Our candidates for Governor met last week in their first debate with both saying that they would attempt to increase public funding by $1 billion in their first budget. Though they disagreed on the super majority for raising taxes and charter schools, they both see the need for increasing public school operating budgets.
In case you missed it, there is a recap of the debate in this Seattle Times article.
But when it came to education funding, which is called out in the state Constitution as the "paramount duty" of the state, Inslee and McKenna seemed largely in agreement.
A recent state Supreme Court decision found the state has been failing to fulfill that constitutional obligation to schools.
Both gubernatorial candidates, when pressed by the moderator, public-radio correspondent Austin Jenkins, said they would try to find an additional $1 billion for schools to ensure the state is doing its duty.
Sounds great, but how can they do it without raising taxes as both suggested they would not do. My sense is that the current governor and the legislators that just spent months on a supplemental budget package would have increased our budget if possible. The best that they could do, which we were pleased with, was to stop the bleeding from the previous budget cuts by balancing the budget through cuts in other programs.
Given the current economic projections there is little likelihood that revenues will increase at anywhere near the rate to ensure this or any other increase in our budgets. As I understand it, the next session of the legislature, the new governor’s first, will start with a revenue shortfall. So, is this pledge a reality or is it playing politics? The choice between the candidates, if one wants education funding to be a deciding factor, was reduced in the first debate. They both promise more money, but can they deliver?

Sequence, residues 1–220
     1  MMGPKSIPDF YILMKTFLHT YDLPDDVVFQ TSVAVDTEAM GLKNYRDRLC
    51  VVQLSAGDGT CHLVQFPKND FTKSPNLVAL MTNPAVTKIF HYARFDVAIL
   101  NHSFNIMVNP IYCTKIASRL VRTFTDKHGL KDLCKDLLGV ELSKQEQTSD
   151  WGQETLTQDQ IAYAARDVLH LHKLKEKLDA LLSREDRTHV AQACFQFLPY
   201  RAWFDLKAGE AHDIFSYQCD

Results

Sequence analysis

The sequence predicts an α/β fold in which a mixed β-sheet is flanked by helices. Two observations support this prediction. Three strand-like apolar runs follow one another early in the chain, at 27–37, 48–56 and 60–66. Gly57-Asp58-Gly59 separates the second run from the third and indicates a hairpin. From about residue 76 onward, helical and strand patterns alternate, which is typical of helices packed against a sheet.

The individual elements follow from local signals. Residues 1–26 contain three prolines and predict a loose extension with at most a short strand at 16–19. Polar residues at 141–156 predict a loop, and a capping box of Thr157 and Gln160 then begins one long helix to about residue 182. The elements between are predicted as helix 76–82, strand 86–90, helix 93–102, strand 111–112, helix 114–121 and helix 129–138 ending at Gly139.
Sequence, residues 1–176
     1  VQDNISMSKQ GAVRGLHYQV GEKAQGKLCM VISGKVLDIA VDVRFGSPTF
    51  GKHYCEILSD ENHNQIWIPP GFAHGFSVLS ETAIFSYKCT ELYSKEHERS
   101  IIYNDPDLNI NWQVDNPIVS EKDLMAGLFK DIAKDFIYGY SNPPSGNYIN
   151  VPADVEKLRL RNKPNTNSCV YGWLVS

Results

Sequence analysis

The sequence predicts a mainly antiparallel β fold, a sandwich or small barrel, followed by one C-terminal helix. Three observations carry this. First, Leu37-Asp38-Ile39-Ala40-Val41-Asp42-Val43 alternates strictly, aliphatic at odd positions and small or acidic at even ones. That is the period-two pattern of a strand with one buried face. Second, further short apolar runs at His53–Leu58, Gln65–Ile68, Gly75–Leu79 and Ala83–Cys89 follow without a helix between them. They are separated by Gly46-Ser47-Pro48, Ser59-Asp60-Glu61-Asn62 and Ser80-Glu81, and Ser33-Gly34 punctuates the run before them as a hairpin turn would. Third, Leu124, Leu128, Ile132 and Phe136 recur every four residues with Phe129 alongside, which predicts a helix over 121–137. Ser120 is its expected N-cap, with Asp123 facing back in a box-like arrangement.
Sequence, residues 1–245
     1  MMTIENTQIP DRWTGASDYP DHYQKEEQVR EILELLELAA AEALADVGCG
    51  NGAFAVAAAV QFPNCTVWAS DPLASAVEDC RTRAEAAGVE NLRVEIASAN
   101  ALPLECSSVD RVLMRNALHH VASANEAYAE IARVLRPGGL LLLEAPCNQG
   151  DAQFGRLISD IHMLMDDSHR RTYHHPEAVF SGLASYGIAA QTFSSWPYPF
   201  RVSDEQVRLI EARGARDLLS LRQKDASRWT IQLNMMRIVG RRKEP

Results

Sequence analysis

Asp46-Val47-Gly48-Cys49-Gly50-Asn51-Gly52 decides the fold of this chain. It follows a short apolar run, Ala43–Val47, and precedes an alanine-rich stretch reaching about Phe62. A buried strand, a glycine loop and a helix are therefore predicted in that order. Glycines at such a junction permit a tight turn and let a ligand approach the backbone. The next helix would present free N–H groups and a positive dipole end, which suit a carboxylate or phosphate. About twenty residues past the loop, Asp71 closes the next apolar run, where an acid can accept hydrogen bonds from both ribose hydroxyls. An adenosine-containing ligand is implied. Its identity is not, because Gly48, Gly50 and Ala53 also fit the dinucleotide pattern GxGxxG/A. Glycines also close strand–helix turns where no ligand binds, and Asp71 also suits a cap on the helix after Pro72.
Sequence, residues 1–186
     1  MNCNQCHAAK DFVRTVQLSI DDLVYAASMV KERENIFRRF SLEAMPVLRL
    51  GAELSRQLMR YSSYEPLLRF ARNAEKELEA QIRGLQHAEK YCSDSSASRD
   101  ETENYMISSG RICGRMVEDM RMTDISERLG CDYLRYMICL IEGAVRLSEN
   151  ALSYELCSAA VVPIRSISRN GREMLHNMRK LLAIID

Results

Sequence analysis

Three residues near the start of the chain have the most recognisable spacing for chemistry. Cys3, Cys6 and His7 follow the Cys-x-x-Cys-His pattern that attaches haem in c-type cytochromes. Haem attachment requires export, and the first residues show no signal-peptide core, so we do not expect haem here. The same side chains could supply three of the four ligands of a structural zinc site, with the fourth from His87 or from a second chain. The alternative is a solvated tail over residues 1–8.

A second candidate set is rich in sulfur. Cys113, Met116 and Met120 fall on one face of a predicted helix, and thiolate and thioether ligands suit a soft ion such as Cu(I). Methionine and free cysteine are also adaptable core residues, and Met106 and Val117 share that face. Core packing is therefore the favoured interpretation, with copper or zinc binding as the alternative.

Taking out funding leaves charter schools as a deciding factor with McKenna supportive of implementing a charter package and Inslee against it. The response follows traditional party lines and will reinforce Inslee’s support with WEA, something that McKenna already knew was not going to be available to him.
"I am going to try to put a billion in the next budget, or more, for education," Inslee said. Charter schools, he said, would only pull money away from public schools, and he added that his education plan calls for new grants for innovation in existing schools.
But McKenna said Inslee was being misleading, since the charter schools also would be public. While not a panacea, "they should be part of the mix," McKenna said.
It just might be a choice that will be decided by issues other than public education. What do you think will be the deciding factors in this race?